Guest Column | September 19, 2023

The Risks Of Trying To Emulate The 800-Pound Gorillas Of Business

By Greg Griesemer

Greg Griesemer
Greg Griesemer

Summer is over, but I’ll admit that even when I found myself at the beach, it was hard for me to disconnect from thinking about work completely. As much as I like the idea of settling in with a Hemingway novel, I’m much more likely to reach for a business biography or the business page.

Maybe a boring hobby in the eyes of some of my family members who will go unnamed, but I've always believed in the power of learning from others' experiences. There's a lot to gain from studying successful business leaders, especially when it comes to avoiding their mistakes.

However, it's crucial for organizations, particularly smaller enterprises, to understand the limitations of emulating iconic business figures like Elon Musk and Steve Jobs. These individuals operate vastly different and often much larger enterprises. Most of them have a tolerance for risk taking that is easy to admire, but maybe stomach churning for us to actually emulate. That’s why I think it’s essential to take their examples with a grain of salt.

I've noticed that small company CEOs and leaders often use the practices of these big companies as a justification for their own decisions and frameworks. Whether it's a return-to-work policy or an approach to hiring, they tend to leverage the actions of iconic leaders to support their own choices. However, it's important to remember that these decisions are context-dependent, and what works for behemoth companies may not necessarily align with the reality of smaller enterprises.

For instance, when considering a return-to-work policy, citing Elon Musk's directive for Tesla employees to come back to the office might seem like a compelling argument – to you. However, it's crucial to recognize that your company is not Tesla! The scale, resources, and operational dynamics of these large corporations are vastly different from those of a smaller consultancy firm or a startup. Comparing yourself to these industry giants is akin to comparing an apple to a cement truck, or an apple to Apple — they simply don't belong in the same category.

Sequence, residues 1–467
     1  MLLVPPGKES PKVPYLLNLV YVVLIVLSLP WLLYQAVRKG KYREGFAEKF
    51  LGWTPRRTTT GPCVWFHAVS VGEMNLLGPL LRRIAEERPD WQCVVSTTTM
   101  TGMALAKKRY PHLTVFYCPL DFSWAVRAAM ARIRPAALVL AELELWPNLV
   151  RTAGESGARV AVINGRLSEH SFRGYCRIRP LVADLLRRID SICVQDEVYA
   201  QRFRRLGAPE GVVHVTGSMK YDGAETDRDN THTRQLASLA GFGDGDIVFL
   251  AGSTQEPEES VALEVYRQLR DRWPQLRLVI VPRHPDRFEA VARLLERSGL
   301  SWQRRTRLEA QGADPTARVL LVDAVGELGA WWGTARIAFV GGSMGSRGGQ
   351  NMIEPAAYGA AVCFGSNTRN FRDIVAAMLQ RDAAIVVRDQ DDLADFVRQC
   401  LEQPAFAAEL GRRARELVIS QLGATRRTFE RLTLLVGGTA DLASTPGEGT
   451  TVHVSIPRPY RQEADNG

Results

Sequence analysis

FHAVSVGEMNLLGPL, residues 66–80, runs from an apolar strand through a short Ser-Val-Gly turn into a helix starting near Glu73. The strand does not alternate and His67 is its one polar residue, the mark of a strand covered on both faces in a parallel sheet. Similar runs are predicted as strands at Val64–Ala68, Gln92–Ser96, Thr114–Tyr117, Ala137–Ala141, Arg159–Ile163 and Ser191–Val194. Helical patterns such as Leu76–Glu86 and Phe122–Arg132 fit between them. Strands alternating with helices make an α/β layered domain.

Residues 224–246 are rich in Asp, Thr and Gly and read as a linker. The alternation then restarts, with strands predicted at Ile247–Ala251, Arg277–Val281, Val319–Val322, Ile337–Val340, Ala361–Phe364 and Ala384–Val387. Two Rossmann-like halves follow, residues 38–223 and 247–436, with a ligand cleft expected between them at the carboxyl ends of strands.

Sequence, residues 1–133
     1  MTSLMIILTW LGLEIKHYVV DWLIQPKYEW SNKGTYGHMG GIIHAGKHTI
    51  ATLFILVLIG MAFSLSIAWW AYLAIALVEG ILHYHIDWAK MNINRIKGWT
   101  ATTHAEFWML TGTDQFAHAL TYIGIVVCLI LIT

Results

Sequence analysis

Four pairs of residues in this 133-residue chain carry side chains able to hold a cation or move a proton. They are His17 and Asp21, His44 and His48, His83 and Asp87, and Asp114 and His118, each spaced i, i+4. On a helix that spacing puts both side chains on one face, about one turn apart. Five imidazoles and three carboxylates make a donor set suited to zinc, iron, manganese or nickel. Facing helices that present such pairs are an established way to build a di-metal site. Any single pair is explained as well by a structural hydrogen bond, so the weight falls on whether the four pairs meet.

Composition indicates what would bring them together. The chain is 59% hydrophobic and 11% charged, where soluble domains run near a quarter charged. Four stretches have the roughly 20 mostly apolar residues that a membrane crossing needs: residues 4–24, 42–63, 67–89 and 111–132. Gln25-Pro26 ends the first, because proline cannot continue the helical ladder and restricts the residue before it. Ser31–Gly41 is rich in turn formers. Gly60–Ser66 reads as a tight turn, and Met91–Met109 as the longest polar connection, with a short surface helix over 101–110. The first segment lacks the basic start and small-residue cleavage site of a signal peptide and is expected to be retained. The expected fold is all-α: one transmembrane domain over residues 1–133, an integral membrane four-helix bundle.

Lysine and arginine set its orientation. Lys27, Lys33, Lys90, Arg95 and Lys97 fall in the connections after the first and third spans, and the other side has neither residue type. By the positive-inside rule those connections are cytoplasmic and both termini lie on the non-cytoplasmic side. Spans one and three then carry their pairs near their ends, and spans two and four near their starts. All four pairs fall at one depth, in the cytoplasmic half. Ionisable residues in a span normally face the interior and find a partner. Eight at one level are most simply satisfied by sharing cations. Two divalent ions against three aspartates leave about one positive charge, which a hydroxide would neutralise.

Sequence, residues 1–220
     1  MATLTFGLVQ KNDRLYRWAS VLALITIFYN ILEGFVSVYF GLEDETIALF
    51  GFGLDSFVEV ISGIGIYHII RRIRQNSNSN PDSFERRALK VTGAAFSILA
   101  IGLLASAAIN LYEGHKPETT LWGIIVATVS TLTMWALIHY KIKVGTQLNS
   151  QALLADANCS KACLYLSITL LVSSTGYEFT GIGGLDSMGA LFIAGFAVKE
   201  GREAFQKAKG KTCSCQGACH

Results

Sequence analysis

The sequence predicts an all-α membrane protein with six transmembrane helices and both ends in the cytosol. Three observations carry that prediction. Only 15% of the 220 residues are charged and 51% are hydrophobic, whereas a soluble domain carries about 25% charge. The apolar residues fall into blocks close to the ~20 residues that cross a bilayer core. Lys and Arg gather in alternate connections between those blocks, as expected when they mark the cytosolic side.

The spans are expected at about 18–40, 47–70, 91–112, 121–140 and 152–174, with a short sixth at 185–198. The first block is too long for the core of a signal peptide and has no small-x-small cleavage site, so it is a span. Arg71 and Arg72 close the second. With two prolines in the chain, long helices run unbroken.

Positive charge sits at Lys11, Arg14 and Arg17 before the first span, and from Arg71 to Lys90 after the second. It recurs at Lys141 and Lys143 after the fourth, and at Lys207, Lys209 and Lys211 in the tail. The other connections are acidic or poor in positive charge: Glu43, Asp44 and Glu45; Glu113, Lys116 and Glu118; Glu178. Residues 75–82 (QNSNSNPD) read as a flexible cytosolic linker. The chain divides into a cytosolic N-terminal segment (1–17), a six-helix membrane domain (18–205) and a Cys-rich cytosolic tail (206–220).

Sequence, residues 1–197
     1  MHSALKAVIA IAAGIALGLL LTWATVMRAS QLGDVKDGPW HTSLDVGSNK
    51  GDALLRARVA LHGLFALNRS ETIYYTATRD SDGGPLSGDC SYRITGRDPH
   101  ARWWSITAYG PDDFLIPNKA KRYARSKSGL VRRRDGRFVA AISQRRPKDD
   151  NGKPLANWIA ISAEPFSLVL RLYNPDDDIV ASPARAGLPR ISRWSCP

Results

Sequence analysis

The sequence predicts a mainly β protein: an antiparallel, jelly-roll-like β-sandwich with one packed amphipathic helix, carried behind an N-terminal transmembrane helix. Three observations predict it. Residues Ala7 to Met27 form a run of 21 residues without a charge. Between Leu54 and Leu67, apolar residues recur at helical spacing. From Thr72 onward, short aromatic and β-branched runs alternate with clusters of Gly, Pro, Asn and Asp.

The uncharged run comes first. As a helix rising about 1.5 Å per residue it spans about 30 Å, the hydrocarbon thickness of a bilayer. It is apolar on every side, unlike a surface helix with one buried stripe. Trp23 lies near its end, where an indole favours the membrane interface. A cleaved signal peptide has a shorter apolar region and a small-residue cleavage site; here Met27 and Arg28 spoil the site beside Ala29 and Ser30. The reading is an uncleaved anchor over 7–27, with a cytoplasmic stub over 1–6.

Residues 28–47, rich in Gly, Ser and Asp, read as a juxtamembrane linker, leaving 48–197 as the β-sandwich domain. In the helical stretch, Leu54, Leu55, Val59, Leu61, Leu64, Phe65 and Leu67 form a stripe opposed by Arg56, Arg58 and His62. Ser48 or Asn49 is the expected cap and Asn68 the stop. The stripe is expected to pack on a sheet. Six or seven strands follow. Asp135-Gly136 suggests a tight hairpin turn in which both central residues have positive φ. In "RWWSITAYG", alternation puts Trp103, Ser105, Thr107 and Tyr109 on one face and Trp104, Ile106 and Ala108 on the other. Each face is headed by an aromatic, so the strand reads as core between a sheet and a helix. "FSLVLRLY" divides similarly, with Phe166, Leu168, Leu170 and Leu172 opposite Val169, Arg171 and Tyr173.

When Hiring, Focus On Your Story

Another area where this emulation tendency becomes apparent is in the hiring process. Keep in mind how different the context is if you’re a start-up, a 100-person tech company, or a globally recognized brand. Smaller companies sometimes try to align their policies and ways of operating with those of big companies simply because they see it in the news. However, it's essential to consider the unique attributes of your own company, its brand, and its employees. Iconic brands like Nike and Tesla have established personas that extend beyond their executives, which is not the case for smaller companies. Attempting to mimic their practices without taking into account the specific context of your own organization can easily lead to misguided decisions.

To navigate these challenges, I often advise my clients to focus on their own story, rationale, and reasons behind their decisions. While external validation and support can be helpful, the foundation of your decision-making process should be rooted in a deep understanding of your employees, culture, and the direction of the market. Large companies can provide insights into general market trends, but it's crucial to evaluate them through the lens of your competitive landscape and talent acquisition needs.

That doesn’t mean that we can’t play to win when it comes to recruiting great talent. Maybe we can’t expect to compete head-to-head with behemoths like Microsoft and IBM for business contracts, but we can focus on distinguishing ourselves from other small companies — let's call them A, B, and C — by highlighting the unique strengths and capabilities we can offer to the talent who keep these companies humming along each day.

On the talent front, things become more interesting indeed. While we may not have the resources of the tech giants, we can leverage our agility and flexibility to attract the right people. We can create a work environment that allows our employees to thrive, offering benefits like remote work options that big companies may struggle to provide. This way, we can build a team of dedicated professionals who value our company's culture and opportunities for growth.

Ultimately, you need to run the race you’re in. Stay focused on your business competition and how you can attract great talent. Small businesses have the advantage of being nimble and adaptable, offering unique value propositions that differ from those of larger corporations. Embrace this flexibility and leverage it to your advantage in crafting your own story and direction. Ultimately, you must take ownership of your decisions and have confidence in your ability to make sound choices based on your specific context.

Greg Griesemer is founder and CEO of HR firm 1130.Works.